IWD: UNODC Expresses Concern Over High Risk of Gender-related Killings in Africa
In commemorating the 2019 International Women’s Day, the United Nations Office on Drug and Crime (UNODC), Nigeria, has warned against gender-related killings in Africa.
Mr Sylvester Atere, Outreach and Communications Officer, UNODC Nigeria, made this known in a statement on Friday in Abuja.
According to Atere, the UNODC is giving the warning following reports of women and girls falling victims of homicide by intimate partners and family members.
He said that the UNODC Nigeria office was using this year’s celebration to draw attention to the disproportionally high risk of women and girls in Africa to fall victim to gender-related homicide and that a recent UNODC report on gender-related killing of women and girls found that globally a staggering 87,000 women were intentionally killed in 2017.
Atere said that in the report, it was more worrisome that 60 per cent of these killings were perpetrated by intimate partners or family members including parents, children or any other member of their family.
He said UNODC’s Executive Director, Yori Fedotov, at the launch of the report in late 2018, said that women continue to pay the highest prices of gender inequality, discrimination and negative stereotypes.
“While the vast majority of homicide victims are men, women continue to pay the highest price as a result of gender inequality, discrimination and negative stereotypes. They are also the most likely to be killed by intimate partners and family. This is particularly true for African women and girls who are not only more likely to become victims of homicide than their peers in other regions of the world”.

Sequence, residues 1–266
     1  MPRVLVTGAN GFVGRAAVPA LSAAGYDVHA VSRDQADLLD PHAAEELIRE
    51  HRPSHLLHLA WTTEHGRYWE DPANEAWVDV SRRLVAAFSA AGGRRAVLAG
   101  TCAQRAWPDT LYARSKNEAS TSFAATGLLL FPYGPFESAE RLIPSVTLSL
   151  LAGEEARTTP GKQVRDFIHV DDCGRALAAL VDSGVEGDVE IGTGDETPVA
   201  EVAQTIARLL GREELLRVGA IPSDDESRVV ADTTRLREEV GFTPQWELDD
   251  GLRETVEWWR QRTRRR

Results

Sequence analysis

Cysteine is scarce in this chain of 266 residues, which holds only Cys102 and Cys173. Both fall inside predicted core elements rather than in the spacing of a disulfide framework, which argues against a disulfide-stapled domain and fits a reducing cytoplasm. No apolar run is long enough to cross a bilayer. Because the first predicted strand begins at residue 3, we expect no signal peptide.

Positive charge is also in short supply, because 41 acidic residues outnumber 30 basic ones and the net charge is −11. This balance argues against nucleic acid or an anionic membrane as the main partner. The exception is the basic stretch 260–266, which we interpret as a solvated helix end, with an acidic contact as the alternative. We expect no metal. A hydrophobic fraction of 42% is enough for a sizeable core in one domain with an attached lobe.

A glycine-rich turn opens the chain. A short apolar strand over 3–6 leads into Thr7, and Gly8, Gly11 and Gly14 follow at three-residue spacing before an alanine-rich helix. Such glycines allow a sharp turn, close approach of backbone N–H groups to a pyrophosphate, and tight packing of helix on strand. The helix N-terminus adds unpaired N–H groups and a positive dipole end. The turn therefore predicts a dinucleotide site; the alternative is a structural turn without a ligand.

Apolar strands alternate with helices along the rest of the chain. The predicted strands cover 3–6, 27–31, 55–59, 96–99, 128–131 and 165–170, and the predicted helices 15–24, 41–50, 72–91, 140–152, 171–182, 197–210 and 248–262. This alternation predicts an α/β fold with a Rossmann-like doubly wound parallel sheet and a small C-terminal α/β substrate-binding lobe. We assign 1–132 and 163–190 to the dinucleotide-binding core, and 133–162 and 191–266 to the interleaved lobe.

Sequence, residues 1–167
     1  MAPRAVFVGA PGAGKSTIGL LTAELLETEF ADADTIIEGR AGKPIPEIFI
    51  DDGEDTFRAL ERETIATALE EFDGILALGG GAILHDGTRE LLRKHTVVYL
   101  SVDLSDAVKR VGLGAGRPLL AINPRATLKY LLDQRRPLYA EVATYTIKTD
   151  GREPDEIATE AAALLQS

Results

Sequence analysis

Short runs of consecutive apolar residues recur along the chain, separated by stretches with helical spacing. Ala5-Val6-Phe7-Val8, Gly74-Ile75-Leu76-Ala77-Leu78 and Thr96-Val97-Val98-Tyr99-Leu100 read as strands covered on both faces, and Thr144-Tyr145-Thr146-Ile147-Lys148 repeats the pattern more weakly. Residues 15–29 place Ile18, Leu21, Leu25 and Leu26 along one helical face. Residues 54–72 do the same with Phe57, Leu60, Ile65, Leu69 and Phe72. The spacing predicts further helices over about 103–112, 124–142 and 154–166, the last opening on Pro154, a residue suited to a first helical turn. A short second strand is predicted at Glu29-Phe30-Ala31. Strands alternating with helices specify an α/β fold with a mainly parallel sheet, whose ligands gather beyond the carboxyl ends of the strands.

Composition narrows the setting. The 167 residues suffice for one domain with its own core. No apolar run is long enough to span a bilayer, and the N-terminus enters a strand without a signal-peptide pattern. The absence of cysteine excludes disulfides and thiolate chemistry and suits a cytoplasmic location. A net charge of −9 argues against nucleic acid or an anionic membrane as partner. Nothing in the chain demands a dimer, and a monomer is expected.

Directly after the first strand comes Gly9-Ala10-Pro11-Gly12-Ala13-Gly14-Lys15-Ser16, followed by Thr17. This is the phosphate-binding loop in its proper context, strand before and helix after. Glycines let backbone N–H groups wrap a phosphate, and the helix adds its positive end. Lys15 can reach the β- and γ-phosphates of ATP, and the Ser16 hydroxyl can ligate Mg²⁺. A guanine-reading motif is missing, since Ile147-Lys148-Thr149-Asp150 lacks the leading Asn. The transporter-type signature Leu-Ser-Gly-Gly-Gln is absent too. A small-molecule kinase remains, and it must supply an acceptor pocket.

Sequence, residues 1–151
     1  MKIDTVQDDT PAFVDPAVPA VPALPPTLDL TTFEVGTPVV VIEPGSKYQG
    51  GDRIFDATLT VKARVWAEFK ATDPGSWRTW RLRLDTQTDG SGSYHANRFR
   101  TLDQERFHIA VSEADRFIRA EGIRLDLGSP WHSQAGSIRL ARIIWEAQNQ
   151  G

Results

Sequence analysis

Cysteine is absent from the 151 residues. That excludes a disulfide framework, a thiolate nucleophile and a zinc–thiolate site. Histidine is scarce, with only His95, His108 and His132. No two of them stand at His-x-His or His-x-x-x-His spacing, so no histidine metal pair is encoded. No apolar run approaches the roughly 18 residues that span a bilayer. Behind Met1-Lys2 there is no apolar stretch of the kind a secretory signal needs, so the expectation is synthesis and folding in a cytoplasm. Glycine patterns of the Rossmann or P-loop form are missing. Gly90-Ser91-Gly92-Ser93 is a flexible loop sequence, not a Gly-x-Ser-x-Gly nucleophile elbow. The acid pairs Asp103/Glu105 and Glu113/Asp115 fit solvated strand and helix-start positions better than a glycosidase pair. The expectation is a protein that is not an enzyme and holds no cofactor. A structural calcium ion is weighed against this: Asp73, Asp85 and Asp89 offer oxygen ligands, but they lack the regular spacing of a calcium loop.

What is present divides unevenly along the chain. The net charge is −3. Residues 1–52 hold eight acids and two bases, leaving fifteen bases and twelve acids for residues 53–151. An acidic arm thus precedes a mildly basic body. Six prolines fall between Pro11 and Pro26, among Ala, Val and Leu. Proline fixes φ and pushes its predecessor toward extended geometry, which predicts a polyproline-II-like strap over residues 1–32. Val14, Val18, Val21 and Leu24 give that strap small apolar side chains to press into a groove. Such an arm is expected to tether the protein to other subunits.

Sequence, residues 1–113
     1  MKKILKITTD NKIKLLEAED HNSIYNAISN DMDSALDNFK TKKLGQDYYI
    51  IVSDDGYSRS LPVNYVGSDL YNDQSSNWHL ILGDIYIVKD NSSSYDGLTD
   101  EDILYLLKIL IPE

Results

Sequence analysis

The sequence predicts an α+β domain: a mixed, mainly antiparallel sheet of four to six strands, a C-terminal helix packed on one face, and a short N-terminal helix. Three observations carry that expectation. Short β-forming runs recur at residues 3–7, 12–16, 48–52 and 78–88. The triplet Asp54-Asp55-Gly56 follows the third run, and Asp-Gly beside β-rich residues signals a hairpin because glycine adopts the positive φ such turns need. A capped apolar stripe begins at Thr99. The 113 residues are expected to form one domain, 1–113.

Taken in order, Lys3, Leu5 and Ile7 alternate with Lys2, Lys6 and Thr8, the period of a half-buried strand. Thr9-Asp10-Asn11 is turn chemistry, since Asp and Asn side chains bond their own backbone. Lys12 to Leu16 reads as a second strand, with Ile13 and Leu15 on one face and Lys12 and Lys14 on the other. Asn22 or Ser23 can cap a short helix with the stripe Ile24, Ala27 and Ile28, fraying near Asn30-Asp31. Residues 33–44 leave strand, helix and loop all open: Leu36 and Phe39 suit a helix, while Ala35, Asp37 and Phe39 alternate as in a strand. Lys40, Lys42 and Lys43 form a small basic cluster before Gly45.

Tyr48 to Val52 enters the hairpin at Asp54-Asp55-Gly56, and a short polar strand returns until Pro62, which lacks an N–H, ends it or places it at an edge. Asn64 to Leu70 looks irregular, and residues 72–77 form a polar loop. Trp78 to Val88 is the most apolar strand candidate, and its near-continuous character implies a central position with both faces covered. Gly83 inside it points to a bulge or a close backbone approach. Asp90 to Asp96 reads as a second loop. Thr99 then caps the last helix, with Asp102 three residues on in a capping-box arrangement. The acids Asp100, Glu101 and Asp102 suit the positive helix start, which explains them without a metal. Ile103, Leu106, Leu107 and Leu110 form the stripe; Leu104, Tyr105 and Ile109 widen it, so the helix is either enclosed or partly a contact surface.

“As they are also most likely to suffer death from the hands of an intimate partner or a family member. Out of the total of 50,000 women killed in 2017 by their current or former partners or by any family member, 19,000 were Africans. This makes Africa the region where women run the greatest risk of being killed by people they normally should be able to trust the most, they are vulnerable to sorcery and witchcraft related killings”.
“The lack of reliable data on homicides in Africa is a strong obstacle to fully understand the trends and scope of gender-related killings as well as the links with other forms of violence.’’
Quoting the UNODC further, Atere said implementing the International Classification of Crime for Statistical Purposes (ICCS) constitutes a step for States to better collect and analyze data on gender-related killings.
He added that the UNODC also urges that states ratify and implement the Convention on the Elimination of All Forms of Discrimination against Women as well as its protocols and other international treaties protecting women’s rights.
Atere said that the office also calls for the ratification of the United Nations Convention against Transnational Organised Crime (UNTOC).
He said that to assist Member States in the effective implementation of these treaties, UNODC supported the development of the Model Strategies and Practical Measures on the Elimination of Violence against Women.
He explained that this was done in the Field of Crime Prevention and Criminal Justice.
According to Atere, the UNODC also provides assistance to countries in strengthening women and girls’ access to justice by supporting the development of domestic legislation that protects the rights of women and girls.
He listed other UNODC assistance to countries to include training criminal justice practitioners in the application of relevant laws and building the capacity of women to serve at all levels of the criminal justice system.
Atere quoted António Guterres, UN Secretary General, saying “not until the half of our population represented by women and girls can live free from fear, violence and everyday insecurity, can we truly say we live in a fair and equal world”. (NAN)